Deportee Subject to Personal Jurisdiction Under California’s Long-Arm Statute

In Buchanan v. Soto (Filed 11/6/2015, No. D065652), the Court of Appeal, Fourth District, held that a deportee who held an interest in real property within the State of California was subject to personal jurisdiction in California, despite being barred from re-entering the United States.

Plaintiff, Diana Buchanan, sold her bridal business to Maria Soto, the wife of defendant and appellant, Ramon Soto. Pursuant to the purchase of the bridal business, Maria executed a deed of trust by which she pledged certain real property located in San Marcos, California, as security for her payment obligations. Thereafter, Maria breached her obligations under the sale agreement, and Buchanan filed suit against Maria.

Thirteen days after Maria was served with Buchanan’s complaint, Maria signed and recorded two deeds by which she conveyed the collateral real property to her husband, Ramon Soto, as his separate property. A default judgment was entered against Maria in the amount of $416,854.80. Around the time the default judgment was entered, Buchanan filed the present action against Maria and Ramon Soto, seeking an order from the Court setting aside the transfer of the real property as a fraudulent conveyance.

Maria was personally served with the summons and complaint in California. Despite reasonable and diligent efforts to personally serve Ramon, Buchanan was unable to do so, and obtained an Order permitting her to serve Ramon by publication. Ramon was residing in Mexico after having been deported from the United States upon serving a prison sentence.

Ramon never entered an appearance, and a default judgment was entered against him. After a bench trial, the Court determined the conveyance was fraudulent, and set it aside. Several months after the Court made this determination, Ramon filed motions to vacate the entry of default against him, and to quash service of summons and complaint for lack of personal jurisdiction. The trial court denied the motions, determining that the exercise of jurisdiction over Ramon was proper because Ramon acquired a purported interest in the real property in issue while he was living in California, before he was deported.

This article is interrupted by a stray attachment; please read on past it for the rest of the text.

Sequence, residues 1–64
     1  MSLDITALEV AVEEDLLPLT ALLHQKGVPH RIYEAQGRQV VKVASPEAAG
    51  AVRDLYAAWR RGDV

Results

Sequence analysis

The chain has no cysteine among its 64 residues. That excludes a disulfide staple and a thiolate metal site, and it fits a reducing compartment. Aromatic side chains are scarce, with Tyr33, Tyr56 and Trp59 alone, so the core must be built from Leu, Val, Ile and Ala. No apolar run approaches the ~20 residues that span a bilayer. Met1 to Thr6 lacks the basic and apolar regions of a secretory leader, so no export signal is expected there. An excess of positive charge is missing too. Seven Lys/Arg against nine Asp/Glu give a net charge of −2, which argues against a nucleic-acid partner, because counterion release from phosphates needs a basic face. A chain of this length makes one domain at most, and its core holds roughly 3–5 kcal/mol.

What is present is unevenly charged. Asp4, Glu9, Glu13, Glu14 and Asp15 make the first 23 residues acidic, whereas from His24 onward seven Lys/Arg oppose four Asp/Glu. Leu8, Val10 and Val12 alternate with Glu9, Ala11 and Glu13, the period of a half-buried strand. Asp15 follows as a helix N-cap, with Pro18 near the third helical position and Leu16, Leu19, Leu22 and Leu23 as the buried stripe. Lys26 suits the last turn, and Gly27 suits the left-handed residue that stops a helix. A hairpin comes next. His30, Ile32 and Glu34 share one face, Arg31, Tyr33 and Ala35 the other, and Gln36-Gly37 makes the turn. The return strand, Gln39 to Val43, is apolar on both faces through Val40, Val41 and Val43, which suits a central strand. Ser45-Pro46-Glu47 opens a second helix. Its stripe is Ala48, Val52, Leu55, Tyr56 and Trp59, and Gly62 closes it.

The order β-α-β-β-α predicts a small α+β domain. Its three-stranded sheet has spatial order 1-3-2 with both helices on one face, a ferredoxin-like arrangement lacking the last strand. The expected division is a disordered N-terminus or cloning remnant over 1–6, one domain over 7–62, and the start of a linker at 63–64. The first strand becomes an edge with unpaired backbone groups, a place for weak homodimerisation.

The Fourth District Court of Appeal affirmed, holding that California’s long-arm statute permitted the exercise of jurisdiction over Ramon, despite that he had been deported from the United States, and could not legally return.

First, the Court noted that Ramon had purposefully availed himself of the benefits of conducting activities within California by receiving the conveyed interest in the real property which existed within California.

Second, the Court held that the action arose out of Ramon’s contacts with California because the suit involved questions of whether the real property purportedly owned by Ramon was fraudulently conveyed to him.

Third, the Court determined that the exercise of personal jurisdiction over Ramon was reasonable because Ramon hired counsel and filed motions despite that he was not permitted to re-enter the United States. Moreover, Ramon was a necessary party to the fraudulent conveyance suit asserted by Buchanan, meaning that it would offend traditional notions of fair play and substantial justice to bar Buchanan from a remedy simply because Ramon resided in another country. With respect to Ramon’s argument, the Court noted “[s]uch a rule, if adopted, would effectively insulate a transfer of real property done with the intent to hinder, delay or defraud a third party, as was the case here, when the transferor is a resident of California and when the transferee is a nonresident who-like Ramon-claims to lack sufficient contacts with California.”

The case is significant in that it demonstrates California’s personal jurisdiction long-arm statute can extend beyond national borders, when the party owns and maintains an interest in real property within the State of California, even if the party is legally not permitted to reenter the United States.

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November 12, 2015